Sunday, February 13, 2011

Getting a grip on love.

A pre-Valentines day musing.

First we know that human beings are not as rational as we like to think and love is one of those areas that defies rational analysis. I make no claims of being all that rational myself. My own interest is what I call the Wisdom of the Hands. So I want to invite you to take a “hand-centric” view of love in order to attempt to get a much better grip on what love is all about.

So, what do the hands tell us?

We perform in excess of ten thousand discrete hand operations each day with little or no conscious attention applied to their use. There are very good reasons for this. If each thing our hands did required deliberation, we would be less efficient in what we do. As one grows in skill in performing difficult tasks, the conscious attention required for that task is reduced allowing for further development and refinement of technique. This was demonstrated recently in research involving pianists of varying skill levels performing finger manipulations while being observed in an MRI machine. Pianists of greater skill performed more complex finger manipulations with less observable brain activity than those of having lesser skill, leading researchers to speculate that brain plasticity and well practiced skill had enabled more highly efficient neural pathways to be established.

According to the law of chaos and the concept of entropy, nature tends from order to disorder in isolated systems. You can visualize this in action as a kind of centrifugal force. As things move farther from center and become more complex over time, they tend to get out of hand, less ordered and more chaotic. A friend of mine years ago had described love as the opposite of centrifugal force. It drew things together and made connections between them and brought them into order and relationship. So I would like to suggest that love is the opposing force to entropy and decay. It brings order from chaos and forms the human bulwark against entropy. Love may start with a feeling of emptiness or longing for completion, but at some point it requires that we reach out, touch and act consciously in service to others in opposition to entropy. That may in time, and with skill and practice actually restructure the brain toward greater love.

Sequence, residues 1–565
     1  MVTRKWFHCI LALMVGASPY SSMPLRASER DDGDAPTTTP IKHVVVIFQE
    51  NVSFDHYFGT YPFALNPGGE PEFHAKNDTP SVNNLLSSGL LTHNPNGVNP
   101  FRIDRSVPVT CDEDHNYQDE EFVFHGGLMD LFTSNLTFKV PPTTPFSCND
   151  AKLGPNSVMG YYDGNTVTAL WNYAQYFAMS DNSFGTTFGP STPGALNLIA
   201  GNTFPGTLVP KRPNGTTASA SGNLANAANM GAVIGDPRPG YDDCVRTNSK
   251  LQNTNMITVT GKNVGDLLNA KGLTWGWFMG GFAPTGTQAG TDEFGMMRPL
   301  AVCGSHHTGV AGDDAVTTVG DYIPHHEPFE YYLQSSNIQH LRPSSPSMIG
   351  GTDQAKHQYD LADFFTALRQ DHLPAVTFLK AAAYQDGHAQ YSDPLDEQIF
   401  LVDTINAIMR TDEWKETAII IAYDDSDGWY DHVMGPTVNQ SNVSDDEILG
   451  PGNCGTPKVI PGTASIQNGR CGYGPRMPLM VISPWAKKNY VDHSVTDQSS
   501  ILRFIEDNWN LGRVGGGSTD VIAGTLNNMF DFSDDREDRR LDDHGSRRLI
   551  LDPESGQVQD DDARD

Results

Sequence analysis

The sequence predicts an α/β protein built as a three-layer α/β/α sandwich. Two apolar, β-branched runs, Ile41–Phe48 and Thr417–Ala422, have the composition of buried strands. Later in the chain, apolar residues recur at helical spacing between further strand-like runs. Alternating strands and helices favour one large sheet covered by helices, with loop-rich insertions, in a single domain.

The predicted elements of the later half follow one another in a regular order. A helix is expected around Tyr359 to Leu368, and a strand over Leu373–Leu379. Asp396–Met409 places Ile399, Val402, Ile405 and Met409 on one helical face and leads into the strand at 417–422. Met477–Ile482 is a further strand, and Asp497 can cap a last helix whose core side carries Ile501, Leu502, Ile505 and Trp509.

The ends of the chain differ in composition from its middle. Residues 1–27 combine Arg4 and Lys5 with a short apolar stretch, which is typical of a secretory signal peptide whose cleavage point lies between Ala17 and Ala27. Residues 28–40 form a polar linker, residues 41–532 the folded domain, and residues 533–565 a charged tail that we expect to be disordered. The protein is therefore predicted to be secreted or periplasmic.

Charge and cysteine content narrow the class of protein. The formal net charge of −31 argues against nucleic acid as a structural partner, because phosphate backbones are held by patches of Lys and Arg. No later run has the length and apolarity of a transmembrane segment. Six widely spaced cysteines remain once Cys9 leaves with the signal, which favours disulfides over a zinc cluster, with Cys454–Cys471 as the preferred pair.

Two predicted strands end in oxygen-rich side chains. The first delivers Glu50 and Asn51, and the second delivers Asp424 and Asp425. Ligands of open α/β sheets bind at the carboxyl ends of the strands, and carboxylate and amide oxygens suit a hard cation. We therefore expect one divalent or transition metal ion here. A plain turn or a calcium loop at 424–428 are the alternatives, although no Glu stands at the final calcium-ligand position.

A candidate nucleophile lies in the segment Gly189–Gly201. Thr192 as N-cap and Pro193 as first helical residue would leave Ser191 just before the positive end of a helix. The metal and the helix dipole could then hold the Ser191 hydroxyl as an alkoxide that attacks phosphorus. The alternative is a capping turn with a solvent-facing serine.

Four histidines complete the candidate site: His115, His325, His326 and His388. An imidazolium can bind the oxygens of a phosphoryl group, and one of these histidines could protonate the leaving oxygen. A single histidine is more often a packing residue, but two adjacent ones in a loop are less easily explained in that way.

I want to make a Valentines day invitation. Pay greater attention to your hands. Adopt a hand-centric view. Do not leave them dangling. We associate love as being a brain and heart thing requiring deliberations back and forth and an impulse to fall into something inexplicable. But while the heart is looking for love, the hands are constantly finding it and making it.

In the meantime, the whole standardized testing scheme in American Schools is evidently based on some pretty fishy wishful thinking and exaggerated stats. Michelle Rhee, maven of standardized testing based school reform has come under scrutiny for misrepresenting her own actual classroom performance. Rhee faces renewed scrutiny over depiction of students' progress when she taught. While her students did improve, it was not like the miracle she claimed for herself and her kids as she jockeyed her way into a position of national leadership in education. If we come to a more progressive understanding of what kids really need to succeed, our schools and our children's lives will improve immensely.

Reader, Randall Henson sent this link to an article in the New York Times, When Factories Vanish, So Can Innovators-By Louis Uchitelle.
According to Susan Houseman, a senior economist at the W.E. Upjohn Institute in Kalamazoo, Mich,
“The big debate today is whether we can continue to be competitive in R&D when we are not making the stuff that we innovate.” Houseman states, “I think not; the two can’t be separated.”
The hands, as stated by Jacob Bronowski, are the cutting edge of the mind. Restrain the hands, stagnate the intellect, shut down creativity. Still, some of us can make, fix, and create. Do it. Teach it. Set a living example for your kids.

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